The Arab Spring merely opened a power vacuum, as did the French and Russian Revolutions.  In France, Liberty, Equality, and Fraternity led to Robespierre and the Terror, Napoleon as emperor, and then the restoration of the Monarchy.  In Russia, the Kerensky Government quickly fell to the madness of another revolution and the Great Terror.  In Iran, the democratic revolution, so fawned over by Jimmy Carter, simply opened the door to the ayatollahs.  In Egypt, the young people, with their democratic revolution, opened the door for the repressive Muslim Brotherhood.

Obama, like Carter, forgot the difference between form and substance, clinging to the appearance of democracy as if it were the thing itself.  Democratic processes do not necessarily lead to democratic outcomes.  After all, like the Muslim Brotherhood in Egypt and Gaza and the fundamentalists in Turkey, Hitler was elected.  Today, more journalists have been  locked up in Turkey than in Iran or China.  This has not stopped the naïve and Muslim-enamored Obama from  relying on Turkish Prime Minister Recep Tayyip Erdoğan to guide him through the complexities of the Middle East.

Despite the continual undemocratic changes in the Islamic world, Gibbs faithfully echoes the theme of the Obama administration -- a theme most reprehensibly characterized by Obama's current press secretary, Jay Carney -- that the burning of our embassies is not about America and certainly not about President Obama, but rather about a YouTube trailer.  To do otherwise is to admit that Obama's obsequious policies toward the Islamists have been a failure.  One has to look only at Obama's picture burning in effigy and the ignited American flags in the Muslim street to know that this is very much is about him and us.  "Obama, we are all Osama" says it all!

Adda Bozeman would note that in Obama's embrace of a pseudo-multiculturalism that has become a cult among the left, he has ignored the essence of what culture is.  The Islamic world has a long road to travel toward democracy, and along the way there will be numerous dictators who will speak in the name of both democracy and Islam without worrying about what ideas they take in vain -- and most assuredly without the least consultation with those in whose name they have arrogated power to themselves.  No amount of spin, cover-up, or outright lies from Secretary of State Clinton, President Obama, or his minions will hide the fact that Ambassador Chris Stevens, like American policy in the region, died because Obama never truly understood the culture in which the Arab Spring was imbedded.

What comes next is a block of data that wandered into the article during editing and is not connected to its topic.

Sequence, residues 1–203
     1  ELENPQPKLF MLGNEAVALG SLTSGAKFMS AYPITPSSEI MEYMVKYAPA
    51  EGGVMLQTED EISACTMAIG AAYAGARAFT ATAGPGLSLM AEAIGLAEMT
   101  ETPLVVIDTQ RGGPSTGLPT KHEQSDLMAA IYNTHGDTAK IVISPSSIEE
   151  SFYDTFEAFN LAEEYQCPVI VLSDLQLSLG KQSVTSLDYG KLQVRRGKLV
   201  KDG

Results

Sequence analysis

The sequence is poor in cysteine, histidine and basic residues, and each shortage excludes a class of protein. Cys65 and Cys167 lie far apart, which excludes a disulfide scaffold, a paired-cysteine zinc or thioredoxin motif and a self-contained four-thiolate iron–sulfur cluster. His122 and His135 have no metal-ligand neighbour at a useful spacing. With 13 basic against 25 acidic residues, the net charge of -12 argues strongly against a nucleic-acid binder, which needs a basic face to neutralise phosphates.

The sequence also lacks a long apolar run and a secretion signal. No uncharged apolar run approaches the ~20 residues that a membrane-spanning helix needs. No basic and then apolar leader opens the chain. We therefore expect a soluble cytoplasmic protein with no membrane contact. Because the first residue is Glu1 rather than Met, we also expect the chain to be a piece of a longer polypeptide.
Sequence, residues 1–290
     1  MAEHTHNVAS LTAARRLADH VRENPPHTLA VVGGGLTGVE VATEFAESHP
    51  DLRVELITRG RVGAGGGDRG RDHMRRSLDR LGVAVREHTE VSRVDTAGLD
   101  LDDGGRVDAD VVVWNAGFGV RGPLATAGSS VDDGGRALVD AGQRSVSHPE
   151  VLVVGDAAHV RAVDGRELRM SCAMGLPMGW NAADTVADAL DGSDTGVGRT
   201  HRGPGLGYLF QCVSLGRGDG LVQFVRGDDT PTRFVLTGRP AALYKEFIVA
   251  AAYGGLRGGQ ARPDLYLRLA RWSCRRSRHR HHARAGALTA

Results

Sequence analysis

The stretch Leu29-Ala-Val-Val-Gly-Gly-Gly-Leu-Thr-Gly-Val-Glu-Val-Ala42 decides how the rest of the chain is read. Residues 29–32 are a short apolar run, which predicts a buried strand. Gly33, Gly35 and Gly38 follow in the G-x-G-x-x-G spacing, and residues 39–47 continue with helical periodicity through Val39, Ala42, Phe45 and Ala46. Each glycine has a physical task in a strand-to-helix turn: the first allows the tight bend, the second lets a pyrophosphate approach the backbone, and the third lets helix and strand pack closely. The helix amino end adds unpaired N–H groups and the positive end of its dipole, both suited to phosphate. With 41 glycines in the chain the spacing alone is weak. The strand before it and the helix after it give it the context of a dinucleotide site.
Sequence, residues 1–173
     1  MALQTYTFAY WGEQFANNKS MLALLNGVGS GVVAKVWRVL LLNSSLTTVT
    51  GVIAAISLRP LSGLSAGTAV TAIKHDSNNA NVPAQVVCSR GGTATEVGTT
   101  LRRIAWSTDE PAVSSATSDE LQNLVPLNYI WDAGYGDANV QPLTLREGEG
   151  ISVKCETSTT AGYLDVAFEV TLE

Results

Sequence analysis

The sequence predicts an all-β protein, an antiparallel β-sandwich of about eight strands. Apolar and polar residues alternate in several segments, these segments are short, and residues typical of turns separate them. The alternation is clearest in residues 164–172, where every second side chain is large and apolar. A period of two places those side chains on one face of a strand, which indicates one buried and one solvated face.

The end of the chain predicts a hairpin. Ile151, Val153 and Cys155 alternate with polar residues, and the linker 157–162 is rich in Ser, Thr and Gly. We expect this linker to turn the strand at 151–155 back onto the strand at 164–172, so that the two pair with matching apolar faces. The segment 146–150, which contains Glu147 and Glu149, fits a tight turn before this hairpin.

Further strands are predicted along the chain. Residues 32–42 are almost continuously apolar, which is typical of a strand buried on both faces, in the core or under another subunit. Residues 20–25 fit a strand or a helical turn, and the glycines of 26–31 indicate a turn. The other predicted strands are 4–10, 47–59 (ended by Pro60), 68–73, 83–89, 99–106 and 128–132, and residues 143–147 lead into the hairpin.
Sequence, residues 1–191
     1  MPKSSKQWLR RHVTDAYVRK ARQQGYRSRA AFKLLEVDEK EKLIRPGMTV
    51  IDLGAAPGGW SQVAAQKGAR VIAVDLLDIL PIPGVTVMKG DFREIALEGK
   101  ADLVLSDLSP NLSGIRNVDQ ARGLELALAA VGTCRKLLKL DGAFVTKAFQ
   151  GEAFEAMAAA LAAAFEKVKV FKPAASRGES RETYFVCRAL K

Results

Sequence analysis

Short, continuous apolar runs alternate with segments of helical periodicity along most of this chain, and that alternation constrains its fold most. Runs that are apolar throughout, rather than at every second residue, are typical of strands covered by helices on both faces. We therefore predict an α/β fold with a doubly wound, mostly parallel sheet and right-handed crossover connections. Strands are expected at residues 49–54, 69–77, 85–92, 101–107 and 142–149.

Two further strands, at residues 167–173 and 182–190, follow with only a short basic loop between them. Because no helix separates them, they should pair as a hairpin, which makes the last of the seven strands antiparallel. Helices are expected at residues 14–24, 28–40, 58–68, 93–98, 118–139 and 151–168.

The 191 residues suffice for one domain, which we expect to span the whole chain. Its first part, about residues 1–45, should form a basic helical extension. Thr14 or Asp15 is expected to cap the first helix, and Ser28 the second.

A nation advances its interests not just by the exercise of good policy decisions, but also by the acknowledgement of policy failures.  Obama's Middle East policy has been a consummate failure, and the repeated fabrications of what happened in Benghazi show an administration so devoted to its policies in the region that it has concocted explanations whose absurdity rivals that of Baghdad Bob at the height of his media exposure.  On Sunday, September 23, former Obama press secretary and current campaign adviser Robert Gibbs was still peddling the line that the situation was fluid and that new facts were coming into play.  But the facts that have long been in play repeatedly contradict the administration's evolving narrative. 

We now know that there was no demonstration outside the American consulate in Benghazi.  The attack on the consulate did not evolve spontaneously from a nonexistent demonstration that got out of hand.  There is nothing spontaneous about the use of highly coordinated fire and RPGs.  It wasn't a coincidence that the attack occurred near the anniversary of September 11.  There is not a shred of evidence linking the attack to the poorly made and distasteful YouTube video about Islam.  Even the president of Libya, early on, did something the Obama administration initially refused to do -- he called the assault a terrorist attack.  And if you have any doubt that the administration has bungled this cover-up, consider that the New York Times has, to date, refused to report on the administration's lies, not even dumping a summary where it put the Holocaust -- on the back pages.

Why is the administration so committed to denying the obvious?  Because Barack Obama promised us that his knowledge of and experience with Islam would usher in an era of greater understanding between our world and theirs.  In an exercise of naiveté worthy of a college sophomore, Obama genuinely believed that by adopting a sycophantic approach to a culture built on honor and shame, he would ingratiate himself to Islam.  Nothing could have been farther from reality, a reality easily comprehended by anyone who understands the relationship between culture and statecraft.  Obama doesn't.